3. I do not mean absolutely the glorification of the human nature of Christ. It is not the glorification of that very soul and body wherein He lived and died, suffered and rose again—though that is also included. This also is a subject meet for our contemplation, especially as it is the exemplar of that glory to which He will bring all those who believe in Him. But because at present we look somewhat farther, I shall observe only two things concerning it.
a) That very nature itself which He took on Him in this world is exalted into glory. Some, under a pretense of great subtility and accuracy, deny that He has either flesh or blood in heaven; that is, as to the substance of them, however you may suppose that they are changed, purified, glorified. The great foundation of the Church and all gospel faith is that He was made flesh, that He did partake of flesh and blood, even as did the children. That He has forsaken that flesh and blood, which He was made in the womb of the blessed Virgin, wherein He lived and died, which He offered to God in sacrifice and wherein He rose from the dead, is a Socinian fiction. What is the true nature of the glorification of the humanity of Christ neither those who thus surmise, nor we, can perfectly comprehend. It does not yet appear what we ourselves shall be; much less is it evident to us what He is, whom we shall be like. But that He is still in the same human nature wherein He was on the earth, that He has the same rational soul and the same body, is a fundamental article of the Christian faith.
b) This nature of the man Christ Jesus is filled with all the divine graces and perfections of which a limited, created nature is capable. It is not deified, it is not made a god; it does not in heaven coalesce into one nature with the divine by a composition of them; it has not any essential property of the Deity communicated to it, so as to reside in it subjectively; it is not made omniscient, omnipresent, omnipotent; but it is exalted in a fullness of all divine perfection ineffably above the glory of angels and men. It is incomprehensibly nearer God than they all, has communications from God in glorious light, love, and power, ineffably above them all; but it is still a creature.
For the substance of this glory of the human nature of Christ, believers shall be made partakers of it; for when we see Him as He is, we shall be like Him; but as to the degree and measure of it, His glory is above all that we can be made partakers of. "There is one glory of the sun, another glory of the moon, and another glory of the stars: and one star differeth from another in glory," as the apostle speaks (I Cor. 15:41). And if there be a difference in glory among the stars themselves as to some degrees of the same glory, how much more is there between the glory of the sun and that of any star whatever! Such is the difference that is, and will be to eternity, between the human nature of Christ and what glorified believers attain to. Yet the glory of Christ in His exaltation, after His humiliation and death, does not consist in this. The things that belong to it may be reduced to the ensuing heads.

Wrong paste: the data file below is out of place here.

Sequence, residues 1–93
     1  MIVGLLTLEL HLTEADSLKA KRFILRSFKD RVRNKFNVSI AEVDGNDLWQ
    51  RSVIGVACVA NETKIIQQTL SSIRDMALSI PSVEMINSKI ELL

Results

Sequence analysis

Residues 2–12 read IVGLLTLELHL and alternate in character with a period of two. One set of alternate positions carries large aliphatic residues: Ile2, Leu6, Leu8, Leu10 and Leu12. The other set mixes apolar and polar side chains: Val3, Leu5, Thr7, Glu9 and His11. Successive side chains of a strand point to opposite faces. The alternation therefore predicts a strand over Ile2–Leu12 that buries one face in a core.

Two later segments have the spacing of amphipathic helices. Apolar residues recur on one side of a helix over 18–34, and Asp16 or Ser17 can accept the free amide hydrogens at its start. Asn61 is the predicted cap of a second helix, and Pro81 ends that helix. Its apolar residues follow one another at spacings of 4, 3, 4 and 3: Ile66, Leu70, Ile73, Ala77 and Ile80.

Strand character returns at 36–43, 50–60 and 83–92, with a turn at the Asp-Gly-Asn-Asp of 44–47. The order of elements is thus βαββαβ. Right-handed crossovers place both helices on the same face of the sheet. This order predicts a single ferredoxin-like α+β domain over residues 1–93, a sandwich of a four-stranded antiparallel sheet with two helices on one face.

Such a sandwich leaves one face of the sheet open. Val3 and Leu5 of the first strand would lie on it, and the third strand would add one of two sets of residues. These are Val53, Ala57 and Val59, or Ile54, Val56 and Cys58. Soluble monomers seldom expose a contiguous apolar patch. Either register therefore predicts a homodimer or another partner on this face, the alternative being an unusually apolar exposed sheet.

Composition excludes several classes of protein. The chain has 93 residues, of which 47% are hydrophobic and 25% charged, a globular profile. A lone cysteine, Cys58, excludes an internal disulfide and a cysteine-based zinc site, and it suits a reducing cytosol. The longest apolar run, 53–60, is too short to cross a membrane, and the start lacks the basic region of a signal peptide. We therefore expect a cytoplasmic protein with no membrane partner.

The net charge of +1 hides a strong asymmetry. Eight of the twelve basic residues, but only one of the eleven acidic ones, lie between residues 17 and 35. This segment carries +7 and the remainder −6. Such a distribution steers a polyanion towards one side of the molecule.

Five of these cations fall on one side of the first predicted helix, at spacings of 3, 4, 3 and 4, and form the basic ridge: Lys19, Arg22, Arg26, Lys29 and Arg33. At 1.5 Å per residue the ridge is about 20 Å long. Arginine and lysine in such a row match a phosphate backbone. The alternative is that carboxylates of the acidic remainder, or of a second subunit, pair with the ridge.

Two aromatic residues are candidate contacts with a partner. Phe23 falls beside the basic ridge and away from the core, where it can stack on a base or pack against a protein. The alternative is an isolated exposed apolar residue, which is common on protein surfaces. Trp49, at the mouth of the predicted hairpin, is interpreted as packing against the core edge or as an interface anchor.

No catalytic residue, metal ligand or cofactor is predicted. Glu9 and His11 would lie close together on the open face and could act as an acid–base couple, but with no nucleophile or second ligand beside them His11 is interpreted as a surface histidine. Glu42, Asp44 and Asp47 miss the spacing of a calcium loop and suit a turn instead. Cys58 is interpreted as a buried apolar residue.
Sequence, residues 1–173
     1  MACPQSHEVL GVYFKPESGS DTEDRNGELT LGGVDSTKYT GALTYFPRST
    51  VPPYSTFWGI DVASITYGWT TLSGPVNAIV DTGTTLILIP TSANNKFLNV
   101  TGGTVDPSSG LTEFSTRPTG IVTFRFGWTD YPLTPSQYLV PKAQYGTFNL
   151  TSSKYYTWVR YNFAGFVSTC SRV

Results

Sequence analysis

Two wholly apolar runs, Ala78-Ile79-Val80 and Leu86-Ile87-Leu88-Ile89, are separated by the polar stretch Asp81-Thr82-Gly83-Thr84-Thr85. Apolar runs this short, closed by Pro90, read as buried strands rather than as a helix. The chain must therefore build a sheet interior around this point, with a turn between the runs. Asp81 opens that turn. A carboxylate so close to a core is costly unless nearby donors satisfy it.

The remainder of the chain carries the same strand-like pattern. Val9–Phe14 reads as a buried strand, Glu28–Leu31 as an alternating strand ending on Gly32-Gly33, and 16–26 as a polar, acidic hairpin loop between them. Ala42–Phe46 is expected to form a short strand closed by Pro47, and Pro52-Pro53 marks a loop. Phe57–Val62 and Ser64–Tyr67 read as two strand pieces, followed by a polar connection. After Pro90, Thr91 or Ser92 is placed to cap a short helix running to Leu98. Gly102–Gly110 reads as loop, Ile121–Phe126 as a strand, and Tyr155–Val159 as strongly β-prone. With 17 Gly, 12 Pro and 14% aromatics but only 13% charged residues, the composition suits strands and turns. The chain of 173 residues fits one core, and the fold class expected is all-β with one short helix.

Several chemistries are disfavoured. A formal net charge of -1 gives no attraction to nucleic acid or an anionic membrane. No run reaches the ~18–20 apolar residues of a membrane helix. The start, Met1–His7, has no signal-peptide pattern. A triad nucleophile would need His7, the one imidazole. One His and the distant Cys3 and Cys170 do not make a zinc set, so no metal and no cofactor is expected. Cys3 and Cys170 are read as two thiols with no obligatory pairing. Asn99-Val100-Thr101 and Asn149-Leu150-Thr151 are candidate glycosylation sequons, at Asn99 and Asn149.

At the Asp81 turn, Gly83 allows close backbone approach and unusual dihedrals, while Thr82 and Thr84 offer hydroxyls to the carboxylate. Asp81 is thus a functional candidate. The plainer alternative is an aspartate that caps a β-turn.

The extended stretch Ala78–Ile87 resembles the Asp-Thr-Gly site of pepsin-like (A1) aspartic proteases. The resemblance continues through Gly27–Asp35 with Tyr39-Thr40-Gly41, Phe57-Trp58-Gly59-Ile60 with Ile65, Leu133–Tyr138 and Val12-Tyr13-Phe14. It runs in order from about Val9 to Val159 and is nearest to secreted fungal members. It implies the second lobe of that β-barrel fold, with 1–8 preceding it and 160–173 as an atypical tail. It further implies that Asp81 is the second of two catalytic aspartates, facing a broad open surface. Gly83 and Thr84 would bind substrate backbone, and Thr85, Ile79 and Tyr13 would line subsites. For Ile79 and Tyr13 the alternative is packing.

1. It consists in the exaltation of the human nature, as subsisting in the divine person, above the whole creation of God. The Father has exalted it in power, dignity, authority, and rule, with all things that His wisdom has appointed to make its glory illustrious. I have written so fully on the explication and confirmation of this part of the present glory of Christ, in the exposition of Hebrews 1:2,3, that I have nothing more to add to it.
2. It consists in the evidence of the Father’s infinite love to Him and delight in Him, with the eternal approbation of His discharge of the office committed to Him. Hence He is said "to sit at the right hand of God," or at "the right hand of the Majesty on high" (Heb. 1:3). That the glory and dignity of Christ in His exaltation is singular, the highest that can be given to a creature, incomprehensible; that He is, with respect to the discharge of His office, under the eternal approbation of God; that, as so gloriously exalted, He is proclaimed to the whole creation, are all contained in this expression.
3. To this is added the full manifestation of His own divine wisdom, love, and grace, in the work of mediation and redemption of the Church. This glory is absolutely singular and peculiar to Him. Neither angels nor men have the least part of it. Here we see it darkly as in a glass; above, it shines forth in its brightness, to the eternal joy of them who behold Him.
This is that glory which our Lord Jesus Christ in a special manner prayed that His disciples might behold. This is that of which we ought to endeavor a prospect by faith; by faith, I say, and not by imagination. Vain and foolish men, having general notions of this glory of Christ, knowing nothing of the real nature of it, have endeavored to represent it in pictures and images, with all that luster and beauty which the art of painting, with the ornaments of gold and jewels, can give to them. This is that representation of the present glory of Christ, which, being made and proposed to the imagination and carnal affections of superstitious persons, carries such a show of devotion and veneration in the Papal Church. But they err, not knowing the Scripture nor the eternal glory of the Son of God.